Like most primary teachers, I love a good book! Anyone who’s worked with me (or anywhere near me to be honest) will know I also love teaching science, and so combining these two in the classroom can only be a good thing! I’m planning to write a series of blog posts with science/story links for each year group, and as I currently work in Year 5, this feels like a good place to start!
This picture book follows the stories of the four African-American mathematicians and their role in the space race at a time when being black and being a woman limited what people could do. The book does a really good job of telling the separate stories in a coherent way and directly references the difficulties faced by black women at the time. As well as the content being amazing (there’s even a timeline and mini biographies of all four women at the back), the illustrations are beautiful, and make it clear that this is a book aimed at older children.
I LOVE this story! Another great one to use when learning about space, it’s written by the Canadian astronaut Chris Hadfield, who became very familiar to my class thanks to his wonderful YouTube videos about everyday activities in space. In the story, young Chris faces his fear of the dark to become an astronaut. As well as being a really lovely story, it’s written in a way that makes it a really good one to read aloud. I can’t quite explain why, it just works!
I heard somewhere that scientists think the first person to walk on Mars is going to be someone who is alive today and is not too far off the age of a Year 5 child, which is a brilliant fact to share with the class when learning about space! Unlike the book above, I wouldn’t say this one is best suited to reading to the class (feel free to disagree!), it’s more the type of book that kids pick up themselves then incessantly share facts with you from for the next 20 minutes. The Nasa Education website has a great lesson on moon landers that I’ve used with Year 3 and Year 5 in the context of a Mars lander which went down an absolute treat! This book would be a really good one to share alongside that activity, or to lead into it.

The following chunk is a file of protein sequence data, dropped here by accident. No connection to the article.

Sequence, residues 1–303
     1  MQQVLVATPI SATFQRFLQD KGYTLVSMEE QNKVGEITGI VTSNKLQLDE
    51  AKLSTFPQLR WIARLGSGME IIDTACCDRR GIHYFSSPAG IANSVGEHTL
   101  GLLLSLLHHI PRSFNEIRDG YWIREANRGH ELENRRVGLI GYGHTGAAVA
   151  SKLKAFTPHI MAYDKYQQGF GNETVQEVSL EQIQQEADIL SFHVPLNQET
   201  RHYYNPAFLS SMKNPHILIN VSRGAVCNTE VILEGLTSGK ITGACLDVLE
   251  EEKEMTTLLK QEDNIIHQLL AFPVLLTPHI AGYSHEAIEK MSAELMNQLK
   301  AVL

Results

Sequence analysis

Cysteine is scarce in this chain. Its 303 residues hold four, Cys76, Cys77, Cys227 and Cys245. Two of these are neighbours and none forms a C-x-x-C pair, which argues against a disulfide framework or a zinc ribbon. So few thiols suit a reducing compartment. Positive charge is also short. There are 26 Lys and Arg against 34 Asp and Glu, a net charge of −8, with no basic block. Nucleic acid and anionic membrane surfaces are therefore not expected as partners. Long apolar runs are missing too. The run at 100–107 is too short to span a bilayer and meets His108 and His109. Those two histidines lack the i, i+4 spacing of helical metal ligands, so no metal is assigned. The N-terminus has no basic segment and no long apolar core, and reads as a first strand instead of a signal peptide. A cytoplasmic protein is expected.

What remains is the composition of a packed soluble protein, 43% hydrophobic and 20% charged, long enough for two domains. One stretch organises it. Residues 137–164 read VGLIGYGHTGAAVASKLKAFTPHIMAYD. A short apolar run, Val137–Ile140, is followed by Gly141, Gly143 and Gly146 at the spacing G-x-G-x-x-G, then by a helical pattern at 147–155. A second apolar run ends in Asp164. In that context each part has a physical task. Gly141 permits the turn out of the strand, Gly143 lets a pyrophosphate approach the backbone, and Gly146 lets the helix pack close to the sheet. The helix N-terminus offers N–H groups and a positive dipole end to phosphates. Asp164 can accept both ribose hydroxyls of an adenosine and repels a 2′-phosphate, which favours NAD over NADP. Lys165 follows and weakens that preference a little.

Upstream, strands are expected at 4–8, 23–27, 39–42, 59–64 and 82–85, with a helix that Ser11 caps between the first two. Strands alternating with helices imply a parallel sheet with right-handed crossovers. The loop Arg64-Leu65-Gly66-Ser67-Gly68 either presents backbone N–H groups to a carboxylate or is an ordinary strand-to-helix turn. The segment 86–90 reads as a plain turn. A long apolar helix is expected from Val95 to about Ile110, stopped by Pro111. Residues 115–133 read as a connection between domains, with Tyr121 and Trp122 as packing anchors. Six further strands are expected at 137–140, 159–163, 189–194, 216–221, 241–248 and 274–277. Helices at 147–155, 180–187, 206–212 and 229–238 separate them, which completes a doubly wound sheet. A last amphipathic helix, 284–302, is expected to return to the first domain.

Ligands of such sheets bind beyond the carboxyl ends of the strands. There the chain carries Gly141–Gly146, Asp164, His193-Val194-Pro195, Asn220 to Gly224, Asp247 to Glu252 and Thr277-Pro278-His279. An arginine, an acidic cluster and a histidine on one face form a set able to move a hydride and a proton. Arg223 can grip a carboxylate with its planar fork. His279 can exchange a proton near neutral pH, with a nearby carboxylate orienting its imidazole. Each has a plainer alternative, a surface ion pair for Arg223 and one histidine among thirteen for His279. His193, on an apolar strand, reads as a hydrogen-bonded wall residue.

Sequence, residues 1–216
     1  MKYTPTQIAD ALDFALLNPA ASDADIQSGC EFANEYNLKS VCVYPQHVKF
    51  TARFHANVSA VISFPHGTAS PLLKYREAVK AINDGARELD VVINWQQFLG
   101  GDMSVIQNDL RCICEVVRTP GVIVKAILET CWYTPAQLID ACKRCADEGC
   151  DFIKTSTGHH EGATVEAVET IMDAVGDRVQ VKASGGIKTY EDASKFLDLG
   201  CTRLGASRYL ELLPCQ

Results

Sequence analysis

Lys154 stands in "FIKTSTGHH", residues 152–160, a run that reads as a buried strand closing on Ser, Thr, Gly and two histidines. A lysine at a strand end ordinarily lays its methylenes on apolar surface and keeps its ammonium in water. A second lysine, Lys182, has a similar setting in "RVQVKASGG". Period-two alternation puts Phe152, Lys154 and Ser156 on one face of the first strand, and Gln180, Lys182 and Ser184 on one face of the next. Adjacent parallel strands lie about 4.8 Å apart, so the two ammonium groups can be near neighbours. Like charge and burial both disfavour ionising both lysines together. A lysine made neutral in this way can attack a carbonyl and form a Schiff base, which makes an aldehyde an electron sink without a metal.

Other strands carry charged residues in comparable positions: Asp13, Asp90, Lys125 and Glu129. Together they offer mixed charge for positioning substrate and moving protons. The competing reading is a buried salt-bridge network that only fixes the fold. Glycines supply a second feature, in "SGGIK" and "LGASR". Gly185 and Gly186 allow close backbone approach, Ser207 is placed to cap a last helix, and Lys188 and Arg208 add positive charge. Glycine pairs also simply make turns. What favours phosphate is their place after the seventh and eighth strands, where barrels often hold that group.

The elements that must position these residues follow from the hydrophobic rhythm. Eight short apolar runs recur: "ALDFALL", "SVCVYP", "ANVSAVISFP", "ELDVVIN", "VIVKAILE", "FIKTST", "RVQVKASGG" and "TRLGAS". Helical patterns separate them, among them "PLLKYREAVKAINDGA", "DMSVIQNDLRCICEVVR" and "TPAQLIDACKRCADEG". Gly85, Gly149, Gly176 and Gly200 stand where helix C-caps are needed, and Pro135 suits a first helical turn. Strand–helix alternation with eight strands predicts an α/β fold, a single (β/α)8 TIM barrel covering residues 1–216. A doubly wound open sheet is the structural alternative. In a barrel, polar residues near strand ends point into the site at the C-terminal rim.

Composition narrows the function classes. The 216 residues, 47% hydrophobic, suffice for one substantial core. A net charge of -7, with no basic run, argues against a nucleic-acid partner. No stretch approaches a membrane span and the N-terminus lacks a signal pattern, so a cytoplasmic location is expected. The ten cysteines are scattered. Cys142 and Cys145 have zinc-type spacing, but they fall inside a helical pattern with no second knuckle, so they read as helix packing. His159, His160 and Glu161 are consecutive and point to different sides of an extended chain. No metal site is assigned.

This one is a favourite from my own childhood and so I love the opportunity to bring it out in the classroom! It might be intended for younger readers but personally, I don’t think you’re ever too old for picture books! It’s likely you’ve come across the story before, but in case you haven’t, it follows Little Bear and his fellow toys as they mount an expedition to rescue Old Bear from the attic. To get themselves back down from the attic, Little Bear and Old Bear use parachutes made of handkerchiefs and drift safely to the ground. In Year 5, this provides a good context for investigating parachute materials for teddies while learning about forces (with bonus links to properties of materials). I’d planned to do this in a lesson but of course things didn’t quite go to plan this year (thanks, global pandemic!) so it ended up being set as a home learning task instead. It went down really well with the children and, in general, we concluded that handkerchief fabric would not make the best parachute after all!
A gang of unattractive animals form a club in this story, bonded by their shared ugliness, but there’s a lovely twist in the tale that shows actually, they’re quite lovely. The tale is told in Julia Donaldson’s usual rhyming style and there is a lot to look for in Axel Scheffler’s illustrations. Plus, the geek in me loves the extra safari animal info in the back (I learned what an ant lion was thanks to this book!) and will no doubt appeal to lots of children too. This book would be a great starter to learning about animal life cycles, and the ‘Ugly Five’ and others that appear across the pages would be great starting points to research mammal, bird and insect life cycles.